Following several months of abnormally dry conditions, the state Executive Office of Energy & Environmental Affairs has declared a Level 1 - Mild Drought for the Connecticut River Valley Region as of October 1, 2019. The State is recommending that all communities within the affected region take the following actions to reduce water use and help minimize the impacts of a potential long-term drought:
Minimize overall water use;
Reduce outdoor watering to no more than one day per week and before 9:00am or after 5:00pm; and
Limit watering with a handheld hose to before 9:00am and after 5:00pm.
The Town encourages residents to follow these state recommendations, but is not issuing any type of water use restriction at this time. The Town is continuously monitoring the water supply status, and if at any point data indicates the supply is becoming stressed restrictions may be issued. For more information on this declaration, click here to go to the state Drought Management Task Force webpage. We will be updating this webpage as changes in drought conditions warrant.
This webpage presents data on the status of Amherst's water supply including operating parameters for the wells and reservoirs, water levels at Atkins Reservoir, monthly water use, and precipitation data. Amherst obtains its water from nine sources, including four reservoirs and five groundwater wells. The reservoirs include Atkins Reservoir and the Pelham Reservoir System (Hill, Hawley & Intake Reservoirs). All five of the groundwater wells are located in the Lawrence Swamp Aquifer in the Hop Brook Basin in the Connecticut River Watershed. The table below shows which water sources were used in September 2019, and the approximate percentage of the total water production each is providing.
September Operating Parameters
% of Total Production
Pelham Reservoir System
Atkins Reservoir Levels
The Atkins Reservoir was one of the first surface water supplies developed for the Town in the 1930s. It has a watershed area of 5.7 square miles, a surface area of 51 acres, and a storage capacity of 200 million gallons. The chart below presents water levels at Atkins Reservoir for 2019 compared to the last three years (2016, 2017 & 2018) and the 15-yr average.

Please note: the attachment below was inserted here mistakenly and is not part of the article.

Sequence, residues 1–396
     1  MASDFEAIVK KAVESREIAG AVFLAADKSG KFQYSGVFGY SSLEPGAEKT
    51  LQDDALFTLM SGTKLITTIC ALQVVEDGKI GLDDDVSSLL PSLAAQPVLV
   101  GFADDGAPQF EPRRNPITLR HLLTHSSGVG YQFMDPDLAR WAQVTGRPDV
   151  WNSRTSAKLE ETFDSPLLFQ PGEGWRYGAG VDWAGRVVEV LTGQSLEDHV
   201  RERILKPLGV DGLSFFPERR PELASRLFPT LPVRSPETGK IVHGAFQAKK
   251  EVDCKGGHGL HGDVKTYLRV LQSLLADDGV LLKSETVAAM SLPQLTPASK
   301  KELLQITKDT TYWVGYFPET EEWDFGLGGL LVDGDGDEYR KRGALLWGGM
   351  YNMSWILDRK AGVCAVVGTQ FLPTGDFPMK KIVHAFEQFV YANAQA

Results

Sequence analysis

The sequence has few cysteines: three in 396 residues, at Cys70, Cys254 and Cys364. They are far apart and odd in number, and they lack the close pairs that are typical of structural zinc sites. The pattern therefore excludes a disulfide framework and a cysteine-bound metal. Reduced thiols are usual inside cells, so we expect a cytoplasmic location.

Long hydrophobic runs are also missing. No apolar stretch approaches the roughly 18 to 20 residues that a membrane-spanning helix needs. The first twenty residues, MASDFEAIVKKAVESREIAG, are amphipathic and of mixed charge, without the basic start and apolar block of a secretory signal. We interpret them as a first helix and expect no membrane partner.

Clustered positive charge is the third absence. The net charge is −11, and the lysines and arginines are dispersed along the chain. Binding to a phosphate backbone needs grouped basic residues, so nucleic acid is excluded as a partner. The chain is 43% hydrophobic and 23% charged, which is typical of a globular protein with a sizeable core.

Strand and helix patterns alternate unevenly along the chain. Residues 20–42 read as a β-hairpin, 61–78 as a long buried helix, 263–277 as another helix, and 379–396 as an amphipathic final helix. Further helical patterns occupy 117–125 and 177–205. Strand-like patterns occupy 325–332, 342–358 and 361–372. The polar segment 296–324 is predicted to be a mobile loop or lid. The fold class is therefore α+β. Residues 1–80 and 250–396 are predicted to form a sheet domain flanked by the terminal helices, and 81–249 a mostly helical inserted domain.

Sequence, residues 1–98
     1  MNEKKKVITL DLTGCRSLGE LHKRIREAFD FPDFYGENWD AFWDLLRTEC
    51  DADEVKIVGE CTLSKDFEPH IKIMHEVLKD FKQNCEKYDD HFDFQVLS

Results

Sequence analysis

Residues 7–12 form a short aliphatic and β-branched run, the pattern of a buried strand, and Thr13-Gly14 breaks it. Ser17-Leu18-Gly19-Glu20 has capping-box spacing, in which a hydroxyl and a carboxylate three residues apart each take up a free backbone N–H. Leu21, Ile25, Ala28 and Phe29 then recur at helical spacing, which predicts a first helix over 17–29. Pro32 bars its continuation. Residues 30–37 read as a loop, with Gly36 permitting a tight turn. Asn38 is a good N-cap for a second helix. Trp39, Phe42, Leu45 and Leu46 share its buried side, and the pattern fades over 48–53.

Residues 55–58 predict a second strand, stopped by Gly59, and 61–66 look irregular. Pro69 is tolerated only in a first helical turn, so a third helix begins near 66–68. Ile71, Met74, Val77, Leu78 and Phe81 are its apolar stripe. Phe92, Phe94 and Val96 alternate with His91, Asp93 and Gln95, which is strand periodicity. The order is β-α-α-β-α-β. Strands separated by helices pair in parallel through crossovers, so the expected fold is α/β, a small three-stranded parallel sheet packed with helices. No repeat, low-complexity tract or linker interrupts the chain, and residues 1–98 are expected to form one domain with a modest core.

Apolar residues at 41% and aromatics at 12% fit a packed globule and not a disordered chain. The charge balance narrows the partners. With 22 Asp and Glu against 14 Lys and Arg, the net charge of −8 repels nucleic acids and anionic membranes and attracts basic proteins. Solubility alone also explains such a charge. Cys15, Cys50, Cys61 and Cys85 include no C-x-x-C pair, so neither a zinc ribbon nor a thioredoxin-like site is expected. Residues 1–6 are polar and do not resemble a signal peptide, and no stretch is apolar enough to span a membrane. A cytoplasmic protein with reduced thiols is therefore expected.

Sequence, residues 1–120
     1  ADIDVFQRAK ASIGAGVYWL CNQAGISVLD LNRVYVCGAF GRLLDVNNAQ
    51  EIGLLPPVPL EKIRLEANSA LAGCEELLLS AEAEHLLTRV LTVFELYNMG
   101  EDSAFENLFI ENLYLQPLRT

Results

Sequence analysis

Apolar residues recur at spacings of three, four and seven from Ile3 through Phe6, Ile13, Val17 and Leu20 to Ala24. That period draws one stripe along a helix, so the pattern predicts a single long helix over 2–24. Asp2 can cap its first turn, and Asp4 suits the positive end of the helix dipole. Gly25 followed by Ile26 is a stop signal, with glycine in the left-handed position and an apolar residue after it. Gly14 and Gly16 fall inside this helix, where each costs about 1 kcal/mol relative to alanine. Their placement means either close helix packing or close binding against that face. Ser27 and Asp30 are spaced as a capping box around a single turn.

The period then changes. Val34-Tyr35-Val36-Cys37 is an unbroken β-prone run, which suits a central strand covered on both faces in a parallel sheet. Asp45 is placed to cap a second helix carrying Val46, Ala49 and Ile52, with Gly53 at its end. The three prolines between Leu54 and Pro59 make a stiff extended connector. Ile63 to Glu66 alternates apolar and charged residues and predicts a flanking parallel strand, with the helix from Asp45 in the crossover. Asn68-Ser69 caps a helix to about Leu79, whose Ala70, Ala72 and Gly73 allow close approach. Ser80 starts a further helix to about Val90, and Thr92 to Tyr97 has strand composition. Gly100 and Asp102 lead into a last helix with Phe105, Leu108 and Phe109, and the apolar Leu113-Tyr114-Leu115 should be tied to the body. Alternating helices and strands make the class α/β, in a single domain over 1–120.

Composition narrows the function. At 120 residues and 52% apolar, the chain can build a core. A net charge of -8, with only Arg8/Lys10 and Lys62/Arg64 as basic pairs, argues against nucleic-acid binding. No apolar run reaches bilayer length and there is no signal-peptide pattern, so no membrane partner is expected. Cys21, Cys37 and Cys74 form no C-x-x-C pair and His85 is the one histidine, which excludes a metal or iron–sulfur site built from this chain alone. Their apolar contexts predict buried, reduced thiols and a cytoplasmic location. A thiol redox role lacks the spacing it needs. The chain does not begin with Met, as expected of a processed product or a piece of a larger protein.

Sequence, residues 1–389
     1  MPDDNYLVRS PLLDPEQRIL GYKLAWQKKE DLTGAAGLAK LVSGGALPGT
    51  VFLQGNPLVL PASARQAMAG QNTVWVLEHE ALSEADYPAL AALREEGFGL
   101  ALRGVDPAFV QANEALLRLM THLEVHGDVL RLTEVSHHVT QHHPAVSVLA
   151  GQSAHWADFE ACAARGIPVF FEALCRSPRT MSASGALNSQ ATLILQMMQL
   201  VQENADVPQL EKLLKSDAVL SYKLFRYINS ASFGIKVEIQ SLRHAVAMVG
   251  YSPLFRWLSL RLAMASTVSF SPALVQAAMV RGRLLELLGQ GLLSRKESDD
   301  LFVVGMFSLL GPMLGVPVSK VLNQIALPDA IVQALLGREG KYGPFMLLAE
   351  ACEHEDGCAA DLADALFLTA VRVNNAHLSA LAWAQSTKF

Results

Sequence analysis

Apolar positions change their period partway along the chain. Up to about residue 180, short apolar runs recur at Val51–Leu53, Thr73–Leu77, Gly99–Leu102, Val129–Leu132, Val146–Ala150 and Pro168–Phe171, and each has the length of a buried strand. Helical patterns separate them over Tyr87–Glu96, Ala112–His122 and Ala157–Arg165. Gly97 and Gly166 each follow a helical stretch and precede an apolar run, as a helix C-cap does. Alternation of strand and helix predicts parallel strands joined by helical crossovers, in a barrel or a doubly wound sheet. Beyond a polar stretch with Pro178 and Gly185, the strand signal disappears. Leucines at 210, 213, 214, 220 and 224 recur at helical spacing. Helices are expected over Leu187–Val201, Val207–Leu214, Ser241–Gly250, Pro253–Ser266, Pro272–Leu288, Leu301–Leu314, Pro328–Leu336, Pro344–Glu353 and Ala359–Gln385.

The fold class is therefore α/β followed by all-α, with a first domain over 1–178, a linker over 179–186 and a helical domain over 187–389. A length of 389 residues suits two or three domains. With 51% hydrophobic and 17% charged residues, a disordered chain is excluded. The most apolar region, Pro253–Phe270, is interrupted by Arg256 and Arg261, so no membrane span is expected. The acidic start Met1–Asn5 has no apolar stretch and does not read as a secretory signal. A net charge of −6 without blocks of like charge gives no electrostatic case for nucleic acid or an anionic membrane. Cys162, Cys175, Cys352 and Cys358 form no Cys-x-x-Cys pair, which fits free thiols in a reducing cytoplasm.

The chart below presents Amherst's average daily water use by month. For many communities water consumption is highest during the summer months, however, in Amherst, due to the student population, the months of April, September, and October have historically had the highest water demand. (data for October 2019 is average through October 17th)
The chart below presents precipitation data for 2019 compared to data from the last three years (2018, 2017 & 2016) and to the 10-yr average. Data is presented as the average daily rainfall per month (data for October 2019 is average through October 18th).
State Drought Management Task Force
The State Drought Management Task Force (SDMTF) is a group of officials from state and federal agencies and professional organizations that collect and assess data to determine severity of drought conditions in Massachusetts. The status of water supplies across the state can be found at the SDMTF website, click to see statewide drought information.
Water Use Restrictions & Conservation
Currently there are no water use restrictions in effect in Amherst. Interim mandatory water use restrictions were most recently inacted in 2016 during drought conditions. Although a number of cities and towns in Massachusetts have outdoor water use restrictions in place during summer months, Amherst is not required under their Water Management Act permit to continuously have restrictions in place. It is only under drought conditions, as determined by the MA Executive Office of Energy & Environmental Affairs, that Amherst needs to consider restricting water use.
Although there is no water use restriction currently in place, the Town encourages all its water customers to be mindful regarding water use, address leaks as soon as possible, and think carefully about what you plant and water plants in the evening to minimize evaporation. Please click on "tips to save water" below to find out what else you can do to help conserve water.